Each of the widely separated prezygapophyses is supported by a pillar-like CPRL (Fig 2B). The right prezygapophysis is somewhat larger than the left. The prezygapophyseal articular surfaces are inclined at an angle of 53° to the horizontal plane. The prezygapophyseal articular surface is teardrop-shaped, round anteromedially and pointed posterolaterally. It is flat to slightly convex. There is no TPRL connecting the prezygapophyses. Instead, prominent ridges extend ventromedially from the ventromedial corner of the prezygapophyseal articular surfaces towards the lateral margin of the neural canal.

The left postzygapophysis has an abraded margin but definitely was much smaller than the right one. The postzygapophyses are well separated but not as widely spaced apart as the prezygapophyses. The postzygapophyseal articular surface is oval and slightly concave. There are two depressions anterolateral to the postzygapophysis (POCDF), which are deeper on the left side of the arch (Fig 3C and 3D). They are bounded by a short PODL dorsolaterally and a distinct CPOL posteromedially (Fig 2F). The depressions are separated by a distinct sharp ridge, which is higher on the left side. The PODL is longer on the left side. The CPOL extends ventrally along the margin of the neural canal and terminates some distance dorsal to its ventral surface (Fig 2F).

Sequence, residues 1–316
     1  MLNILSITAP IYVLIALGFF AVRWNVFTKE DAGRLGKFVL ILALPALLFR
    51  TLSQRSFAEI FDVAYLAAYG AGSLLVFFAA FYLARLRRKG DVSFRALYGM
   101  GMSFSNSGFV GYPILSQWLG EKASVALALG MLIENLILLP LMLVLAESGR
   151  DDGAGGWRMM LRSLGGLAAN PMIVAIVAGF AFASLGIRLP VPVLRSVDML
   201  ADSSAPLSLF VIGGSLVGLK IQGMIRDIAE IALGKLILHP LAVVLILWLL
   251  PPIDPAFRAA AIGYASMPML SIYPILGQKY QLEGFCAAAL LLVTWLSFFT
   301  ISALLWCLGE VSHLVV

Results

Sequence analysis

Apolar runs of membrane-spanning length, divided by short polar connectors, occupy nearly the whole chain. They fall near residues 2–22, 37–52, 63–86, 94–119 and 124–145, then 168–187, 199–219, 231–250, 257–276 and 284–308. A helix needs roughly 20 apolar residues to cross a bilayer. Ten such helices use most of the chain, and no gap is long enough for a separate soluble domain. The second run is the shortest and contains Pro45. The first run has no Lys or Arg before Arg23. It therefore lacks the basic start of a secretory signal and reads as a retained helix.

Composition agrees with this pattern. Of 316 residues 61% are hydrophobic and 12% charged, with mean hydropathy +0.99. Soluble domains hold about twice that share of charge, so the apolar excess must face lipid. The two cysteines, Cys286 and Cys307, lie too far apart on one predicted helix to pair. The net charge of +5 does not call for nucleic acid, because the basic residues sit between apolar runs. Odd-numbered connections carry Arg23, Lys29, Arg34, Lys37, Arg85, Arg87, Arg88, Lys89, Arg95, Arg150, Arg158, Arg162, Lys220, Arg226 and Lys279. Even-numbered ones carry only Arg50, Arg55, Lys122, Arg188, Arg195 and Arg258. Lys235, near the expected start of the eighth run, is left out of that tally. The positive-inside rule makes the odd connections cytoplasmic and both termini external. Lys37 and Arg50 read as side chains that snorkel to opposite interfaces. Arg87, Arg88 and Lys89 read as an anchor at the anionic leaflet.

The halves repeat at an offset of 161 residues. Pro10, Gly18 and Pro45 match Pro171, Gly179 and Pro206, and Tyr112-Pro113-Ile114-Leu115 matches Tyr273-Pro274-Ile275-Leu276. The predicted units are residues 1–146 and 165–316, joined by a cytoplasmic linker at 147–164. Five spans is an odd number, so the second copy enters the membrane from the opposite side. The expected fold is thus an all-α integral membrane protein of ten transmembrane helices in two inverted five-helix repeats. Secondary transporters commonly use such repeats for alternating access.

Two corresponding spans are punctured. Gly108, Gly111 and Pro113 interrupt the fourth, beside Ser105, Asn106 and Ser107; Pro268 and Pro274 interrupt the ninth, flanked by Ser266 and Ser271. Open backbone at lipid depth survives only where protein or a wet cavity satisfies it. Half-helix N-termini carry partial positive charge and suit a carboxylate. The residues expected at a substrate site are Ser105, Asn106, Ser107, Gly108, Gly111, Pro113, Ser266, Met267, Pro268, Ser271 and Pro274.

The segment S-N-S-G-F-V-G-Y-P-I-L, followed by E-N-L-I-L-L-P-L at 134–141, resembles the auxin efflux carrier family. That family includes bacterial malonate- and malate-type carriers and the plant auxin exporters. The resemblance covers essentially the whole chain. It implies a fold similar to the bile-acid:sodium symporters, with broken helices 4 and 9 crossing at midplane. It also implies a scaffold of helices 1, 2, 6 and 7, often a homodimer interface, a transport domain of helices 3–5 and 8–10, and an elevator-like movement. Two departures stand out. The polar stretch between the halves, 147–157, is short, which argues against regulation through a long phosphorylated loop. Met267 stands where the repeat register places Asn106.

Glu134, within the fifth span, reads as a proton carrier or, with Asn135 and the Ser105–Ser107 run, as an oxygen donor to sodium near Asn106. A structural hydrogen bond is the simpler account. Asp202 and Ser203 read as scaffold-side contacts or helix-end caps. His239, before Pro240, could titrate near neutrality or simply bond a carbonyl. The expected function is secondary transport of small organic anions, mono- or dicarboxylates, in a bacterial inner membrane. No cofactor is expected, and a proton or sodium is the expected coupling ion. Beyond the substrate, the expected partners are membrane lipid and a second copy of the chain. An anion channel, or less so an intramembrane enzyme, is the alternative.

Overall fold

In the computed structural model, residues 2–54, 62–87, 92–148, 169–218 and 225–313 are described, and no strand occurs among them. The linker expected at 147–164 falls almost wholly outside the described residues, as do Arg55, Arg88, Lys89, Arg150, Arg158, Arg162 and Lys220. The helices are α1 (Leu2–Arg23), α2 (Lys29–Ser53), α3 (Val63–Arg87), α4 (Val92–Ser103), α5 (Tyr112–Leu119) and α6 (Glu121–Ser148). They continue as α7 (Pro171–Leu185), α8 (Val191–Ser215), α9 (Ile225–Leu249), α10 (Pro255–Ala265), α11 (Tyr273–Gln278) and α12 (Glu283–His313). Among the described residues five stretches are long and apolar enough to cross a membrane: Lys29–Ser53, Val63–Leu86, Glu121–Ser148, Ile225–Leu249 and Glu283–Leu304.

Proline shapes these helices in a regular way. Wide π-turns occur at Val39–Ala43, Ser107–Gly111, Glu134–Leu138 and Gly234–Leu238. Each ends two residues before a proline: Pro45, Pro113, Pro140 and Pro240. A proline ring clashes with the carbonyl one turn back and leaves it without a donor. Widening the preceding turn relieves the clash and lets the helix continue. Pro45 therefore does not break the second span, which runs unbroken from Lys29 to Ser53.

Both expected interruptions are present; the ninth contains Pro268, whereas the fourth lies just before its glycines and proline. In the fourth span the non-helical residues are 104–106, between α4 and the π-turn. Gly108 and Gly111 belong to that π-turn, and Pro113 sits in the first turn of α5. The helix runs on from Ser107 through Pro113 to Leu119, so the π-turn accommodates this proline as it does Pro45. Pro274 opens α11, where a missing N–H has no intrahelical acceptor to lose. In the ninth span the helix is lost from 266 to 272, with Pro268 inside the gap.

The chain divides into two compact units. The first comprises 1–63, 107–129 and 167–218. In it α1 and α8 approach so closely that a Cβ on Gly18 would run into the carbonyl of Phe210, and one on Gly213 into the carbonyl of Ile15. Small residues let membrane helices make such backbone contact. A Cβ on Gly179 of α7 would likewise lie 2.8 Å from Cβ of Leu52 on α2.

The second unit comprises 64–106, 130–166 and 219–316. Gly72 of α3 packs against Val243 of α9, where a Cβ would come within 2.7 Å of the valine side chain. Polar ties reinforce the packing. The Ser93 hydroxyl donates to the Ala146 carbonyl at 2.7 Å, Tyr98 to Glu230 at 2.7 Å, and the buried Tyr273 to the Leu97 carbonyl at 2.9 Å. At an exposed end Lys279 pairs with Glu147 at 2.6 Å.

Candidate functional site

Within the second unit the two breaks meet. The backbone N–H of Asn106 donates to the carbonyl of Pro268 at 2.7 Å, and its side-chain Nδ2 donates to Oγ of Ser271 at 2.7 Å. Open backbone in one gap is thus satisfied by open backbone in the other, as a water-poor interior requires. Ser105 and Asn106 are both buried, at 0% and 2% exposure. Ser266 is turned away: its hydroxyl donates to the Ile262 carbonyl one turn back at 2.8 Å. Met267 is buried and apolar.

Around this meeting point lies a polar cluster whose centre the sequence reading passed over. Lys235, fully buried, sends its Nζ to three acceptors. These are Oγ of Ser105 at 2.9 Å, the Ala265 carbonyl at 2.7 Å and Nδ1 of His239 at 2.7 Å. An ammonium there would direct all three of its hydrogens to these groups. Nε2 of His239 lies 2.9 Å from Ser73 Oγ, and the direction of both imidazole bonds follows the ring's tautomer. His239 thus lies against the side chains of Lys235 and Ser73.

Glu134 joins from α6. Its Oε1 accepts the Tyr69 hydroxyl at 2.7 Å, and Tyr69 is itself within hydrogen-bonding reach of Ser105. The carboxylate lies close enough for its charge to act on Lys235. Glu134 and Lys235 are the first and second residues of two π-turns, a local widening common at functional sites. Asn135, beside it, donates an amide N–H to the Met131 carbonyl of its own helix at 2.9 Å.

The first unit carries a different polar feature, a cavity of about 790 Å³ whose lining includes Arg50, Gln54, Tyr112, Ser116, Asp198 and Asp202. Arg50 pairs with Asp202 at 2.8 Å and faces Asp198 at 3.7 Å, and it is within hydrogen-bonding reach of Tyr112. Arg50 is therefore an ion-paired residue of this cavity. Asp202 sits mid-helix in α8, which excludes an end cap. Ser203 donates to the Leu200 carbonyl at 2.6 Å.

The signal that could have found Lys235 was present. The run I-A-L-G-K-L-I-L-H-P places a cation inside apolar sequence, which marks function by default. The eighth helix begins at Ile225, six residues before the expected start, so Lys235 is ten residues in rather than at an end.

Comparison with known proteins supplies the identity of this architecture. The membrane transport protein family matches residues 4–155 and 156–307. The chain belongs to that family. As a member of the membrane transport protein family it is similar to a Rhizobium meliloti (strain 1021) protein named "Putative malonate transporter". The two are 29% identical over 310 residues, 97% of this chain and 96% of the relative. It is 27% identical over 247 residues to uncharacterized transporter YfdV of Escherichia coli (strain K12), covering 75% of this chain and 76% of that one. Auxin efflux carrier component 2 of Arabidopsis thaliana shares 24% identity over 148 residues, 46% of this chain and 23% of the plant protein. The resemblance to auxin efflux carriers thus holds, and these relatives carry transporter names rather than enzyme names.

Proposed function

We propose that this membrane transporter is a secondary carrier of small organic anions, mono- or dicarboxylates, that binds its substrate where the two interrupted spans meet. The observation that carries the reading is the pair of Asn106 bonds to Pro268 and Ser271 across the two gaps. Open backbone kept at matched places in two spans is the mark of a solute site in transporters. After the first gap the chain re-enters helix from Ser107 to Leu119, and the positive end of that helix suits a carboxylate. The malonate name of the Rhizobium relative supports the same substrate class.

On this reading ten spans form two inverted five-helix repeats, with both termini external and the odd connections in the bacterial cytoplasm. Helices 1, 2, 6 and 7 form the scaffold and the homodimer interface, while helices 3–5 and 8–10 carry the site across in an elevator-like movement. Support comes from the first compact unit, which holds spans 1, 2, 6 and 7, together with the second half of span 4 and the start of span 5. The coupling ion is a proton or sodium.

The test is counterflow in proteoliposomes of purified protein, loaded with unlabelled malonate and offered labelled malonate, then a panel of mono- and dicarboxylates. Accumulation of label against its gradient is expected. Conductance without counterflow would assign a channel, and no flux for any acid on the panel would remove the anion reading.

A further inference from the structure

The neural spine (maximum anteroposterior length: 9.4 cm; minimum transverse width: 7.5 cm; height: 18.8 cm) is inclined posterodorsally and slightly projects beyond the centrum posteriorly. It is distinctly asymmetrical and has a fracture extending along the entire height of the neural spine on the left side. This break split off about one third of the neural spine, including the left postzygapophysis, left SPOL, left SPDL, and left SPRL. The dorsal portion of this split part of the neural spine is missing and breakage reveals that the neural spine is hollow internally. In anterior or posterior view, the neural spine is constricted above the zygapophyses and is expanded at its apex, forming a mace-like projection. This projection is subdivided into three parts: a medial part with a flattened dorsal surface and two lateral parts of which the left was separated by the fracture and is now missing. The surface of the right lateral part consists of two facets set at an angle to each other, and the medial facet is set an angle to the dorsal surface of the middle part. The lateral facet faces almost laterally and continues ventrally as the triangular lateral process.